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Special issue

of "WIGRY"





Jerzy Solon


Wigry National Park – goals and motives for protection


Samle range. Phot. J. Borejszo



 The basic principles of protection of the Wigry National Park take into account the world tendencies and trends of activities, charted by the International Union for  Conservation of Nature (IUCN) in global strategies for protection of  biological diversity.


Classical aims and forms of  conservation are not sufficient, however, because of the Park’s values comprising, among others, a varied complex of lakes, moraine and sandr landscape arrangements, rich flora, abundant animal world and settlement arrangement, which reflects the history of the region. Therefore, it was assumed that the superior aim of activities in the Wigry National Park is a  complex and many-sided protection of natural and cultural heritage.


The sense of existence of  the Wigry National Park and trends of protective policy should be examined from three different points of view, i.e. in a European and national perspective, a regional perspective and a local one. With these different points of view there are also different protective motives, goals and tasks.


The Wigry National Park’s landscape is representative of lake districts (created as a result of the  last glaciation) in a large part of Europe, stretching from Maklemburgia in  the west to Lithuania in the east. In this area there are around one hundred protected areas of different significance. These are mainly reserves and  landscape parks. However, only two national parks are similar in nature and  can be compared to each other, both for their conditions of natural environment, and for their history and kind of settlement – the Aukstaitija National Park in Lithuania and the Wigry National Park. As far as the abiotic conditions are concerned, the Muritz National Park (Maklemburgia) in  Germany is similar, although as far as the geobotanical conditions are concerned, it is representative of Western Europe.


Wigry Lake. View from Rosochaty Rog. Phot. J. Borejszo

The Wigry National Park is a place of occurrence of numerous types of  well-preserved habitats, valuable from the European point of view and which are listed in annexes to Habitat Directive (directive of the Council 92/43/EEC concerning conservation of natural habitats and wild fauna and flora). These natural habitats (ecosystems) comprise various types of forests (e.g. marshy coniferous forests, spruce-trees on peat, alder carr, marshy meadows and dry ground forests) and numerous unforested ecosystems (in this, some aquatic communities, complex of dystrophic small lakes, dry meadows and grass, some rushes and sedge communities, wet meadows, lowland bogs, transitional moors, and high bogs). Altogether they occupy nearly half of the Park’s area. That is why the Park has been entered on the planned list of Natura 2000 areas.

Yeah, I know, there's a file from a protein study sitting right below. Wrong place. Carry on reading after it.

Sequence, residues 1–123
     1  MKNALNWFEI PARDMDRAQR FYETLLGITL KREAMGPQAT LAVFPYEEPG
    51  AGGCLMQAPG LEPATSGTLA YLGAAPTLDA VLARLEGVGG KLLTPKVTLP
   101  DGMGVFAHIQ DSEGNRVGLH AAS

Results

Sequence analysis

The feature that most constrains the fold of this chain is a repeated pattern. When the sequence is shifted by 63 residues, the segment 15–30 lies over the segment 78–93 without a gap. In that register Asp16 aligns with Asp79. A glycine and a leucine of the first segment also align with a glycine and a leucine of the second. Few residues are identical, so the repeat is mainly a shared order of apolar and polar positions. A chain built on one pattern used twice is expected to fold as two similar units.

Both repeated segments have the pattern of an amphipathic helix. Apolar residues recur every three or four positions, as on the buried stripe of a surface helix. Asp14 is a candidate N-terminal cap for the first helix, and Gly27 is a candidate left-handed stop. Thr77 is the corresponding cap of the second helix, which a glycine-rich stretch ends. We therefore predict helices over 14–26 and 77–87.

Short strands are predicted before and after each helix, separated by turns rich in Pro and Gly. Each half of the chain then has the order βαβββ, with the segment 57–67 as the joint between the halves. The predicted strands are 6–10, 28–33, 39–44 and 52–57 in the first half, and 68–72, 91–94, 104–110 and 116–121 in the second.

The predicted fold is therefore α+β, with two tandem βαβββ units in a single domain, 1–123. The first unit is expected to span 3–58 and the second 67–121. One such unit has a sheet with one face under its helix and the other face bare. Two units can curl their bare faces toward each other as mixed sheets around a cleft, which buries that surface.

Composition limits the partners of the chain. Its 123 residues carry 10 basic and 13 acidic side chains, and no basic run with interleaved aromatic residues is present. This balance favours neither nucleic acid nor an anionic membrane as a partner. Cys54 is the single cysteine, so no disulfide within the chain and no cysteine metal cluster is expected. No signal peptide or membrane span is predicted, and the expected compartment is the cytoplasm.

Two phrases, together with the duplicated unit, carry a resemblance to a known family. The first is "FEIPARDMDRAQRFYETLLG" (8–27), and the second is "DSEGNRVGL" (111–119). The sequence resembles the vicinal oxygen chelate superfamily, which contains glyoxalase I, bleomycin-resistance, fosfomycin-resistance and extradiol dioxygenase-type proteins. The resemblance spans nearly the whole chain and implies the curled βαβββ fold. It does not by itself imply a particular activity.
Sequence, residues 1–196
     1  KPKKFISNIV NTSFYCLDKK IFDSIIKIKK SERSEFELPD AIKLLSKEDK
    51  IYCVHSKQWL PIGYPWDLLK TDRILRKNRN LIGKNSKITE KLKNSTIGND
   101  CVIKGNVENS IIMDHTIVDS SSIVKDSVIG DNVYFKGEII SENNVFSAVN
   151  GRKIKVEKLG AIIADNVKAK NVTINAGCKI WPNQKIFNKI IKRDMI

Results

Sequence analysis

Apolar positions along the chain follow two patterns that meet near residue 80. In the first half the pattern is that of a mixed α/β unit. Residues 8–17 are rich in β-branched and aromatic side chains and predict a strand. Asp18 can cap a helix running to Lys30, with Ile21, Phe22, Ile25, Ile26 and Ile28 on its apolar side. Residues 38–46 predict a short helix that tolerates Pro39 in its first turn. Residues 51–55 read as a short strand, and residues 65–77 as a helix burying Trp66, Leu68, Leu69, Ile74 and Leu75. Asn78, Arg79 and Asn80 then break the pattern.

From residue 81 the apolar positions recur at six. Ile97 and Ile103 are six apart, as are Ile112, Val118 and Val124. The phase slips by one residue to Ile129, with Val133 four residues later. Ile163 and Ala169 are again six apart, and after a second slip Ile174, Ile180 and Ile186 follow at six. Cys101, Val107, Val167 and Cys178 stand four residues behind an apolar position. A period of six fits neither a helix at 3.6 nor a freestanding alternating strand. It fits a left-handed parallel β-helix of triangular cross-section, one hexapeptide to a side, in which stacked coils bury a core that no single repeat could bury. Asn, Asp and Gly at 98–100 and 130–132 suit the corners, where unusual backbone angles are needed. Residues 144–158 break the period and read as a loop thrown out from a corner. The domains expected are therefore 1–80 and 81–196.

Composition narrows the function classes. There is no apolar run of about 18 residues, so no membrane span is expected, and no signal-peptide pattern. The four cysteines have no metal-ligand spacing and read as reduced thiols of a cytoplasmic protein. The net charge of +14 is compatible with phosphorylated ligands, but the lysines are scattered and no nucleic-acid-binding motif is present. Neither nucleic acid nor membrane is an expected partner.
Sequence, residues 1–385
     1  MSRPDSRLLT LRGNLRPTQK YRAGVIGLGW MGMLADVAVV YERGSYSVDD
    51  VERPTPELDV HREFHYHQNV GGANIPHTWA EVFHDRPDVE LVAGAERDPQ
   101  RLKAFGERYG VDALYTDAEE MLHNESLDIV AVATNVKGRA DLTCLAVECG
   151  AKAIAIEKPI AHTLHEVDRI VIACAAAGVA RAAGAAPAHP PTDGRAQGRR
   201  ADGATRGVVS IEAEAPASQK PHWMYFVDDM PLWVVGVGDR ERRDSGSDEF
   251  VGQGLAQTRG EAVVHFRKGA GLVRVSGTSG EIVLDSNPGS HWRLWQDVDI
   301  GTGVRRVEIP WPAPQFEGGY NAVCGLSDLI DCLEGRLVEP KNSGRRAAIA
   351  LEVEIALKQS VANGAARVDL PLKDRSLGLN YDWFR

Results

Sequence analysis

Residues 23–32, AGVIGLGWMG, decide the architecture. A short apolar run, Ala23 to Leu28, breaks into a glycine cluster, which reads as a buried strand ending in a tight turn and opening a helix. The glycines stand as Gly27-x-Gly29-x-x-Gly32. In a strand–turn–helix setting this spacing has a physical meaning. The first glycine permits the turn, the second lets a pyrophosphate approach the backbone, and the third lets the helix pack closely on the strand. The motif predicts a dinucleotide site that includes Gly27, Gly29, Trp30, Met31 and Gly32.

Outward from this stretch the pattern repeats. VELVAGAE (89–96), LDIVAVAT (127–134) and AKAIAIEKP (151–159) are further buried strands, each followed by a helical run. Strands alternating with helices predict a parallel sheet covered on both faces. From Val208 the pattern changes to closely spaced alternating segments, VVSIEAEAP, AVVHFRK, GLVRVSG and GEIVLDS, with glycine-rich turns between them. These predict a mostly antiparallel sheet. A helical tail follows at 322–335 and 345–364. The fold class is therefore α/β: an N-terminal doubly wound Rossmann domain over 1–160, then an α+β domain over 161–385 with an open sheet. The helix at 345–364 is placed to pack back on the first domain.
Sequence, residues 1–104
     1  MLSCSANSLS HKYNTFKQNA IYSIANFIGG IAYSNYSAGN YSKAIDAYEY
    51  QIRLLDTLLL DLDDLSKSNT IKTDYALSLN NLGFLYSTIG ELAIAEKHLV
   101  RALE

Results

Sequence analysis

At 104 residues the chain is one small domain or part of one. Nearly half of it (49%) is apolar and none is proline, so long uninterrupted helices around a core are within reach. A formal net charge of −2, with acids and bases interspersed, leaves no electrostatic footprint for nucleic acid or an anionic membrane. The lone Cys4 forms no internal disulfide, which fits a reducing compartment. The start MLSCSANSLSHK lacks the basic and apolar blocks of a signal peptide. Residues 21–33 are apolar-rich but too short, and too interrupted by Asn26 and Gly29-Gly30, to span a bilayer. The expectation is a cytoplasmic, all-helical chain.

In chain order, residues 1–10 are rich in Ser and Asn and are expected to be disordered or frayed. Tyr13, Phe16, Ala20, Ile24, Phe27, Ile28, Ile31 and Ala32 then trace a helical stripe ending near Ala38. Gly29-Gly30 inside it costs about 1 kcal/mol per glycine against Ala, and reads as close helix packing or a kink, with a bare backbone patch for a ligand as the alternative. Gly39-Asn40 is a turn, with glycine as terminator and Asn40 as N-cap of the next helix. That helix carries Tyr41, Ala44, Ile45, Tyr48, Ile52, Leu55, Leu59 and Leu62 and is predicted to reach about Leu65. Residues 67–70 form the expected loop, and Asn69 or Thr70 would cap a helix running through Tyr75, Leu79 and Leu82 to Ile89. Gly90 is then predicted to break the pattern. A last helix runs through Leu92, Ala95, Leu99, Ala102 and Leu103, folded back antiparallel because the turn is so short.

The floor of the dry ground forest. Phot. E. Przytuła

The abundance of species and the degree of preservation of the plant cover and  animal communities have caused that the Wigry National Park and the  Augustowska Forest have become a biocentre of European importance in this crucial European area. There are the following motives for nature conservation in this area: its representative geographical character, naturalness of many ecosystems, both due to their origin and to species composition, scarceness of occurrence of many types of habitats, and the  linking function between various regions. Moreover, the following elements are really essential: economic, aesthetic, historical, environmental and  scientific ones, and functions such as: those shaping the environment (hydrological function, function of topoclimate control, pollution control function, biotic functions (function of plant and animal life-space, linking function), social functions (function of human life-space, function of archive and  cultural heritage, production function, storage function). Permanent assurance of possibilities of realization of the functions listed above is  only possible under conditions of appropriate spatial structure of landscape. The realization of all protective goals resulting from different motives requires, first of all, a wise self-limitation on the part of all users in  gaining short-term and one-time profits for the benefit of permanent preservation of natural and practical values of the area.  


Meadows by Leszczewek village. Phot. M. Kamiński







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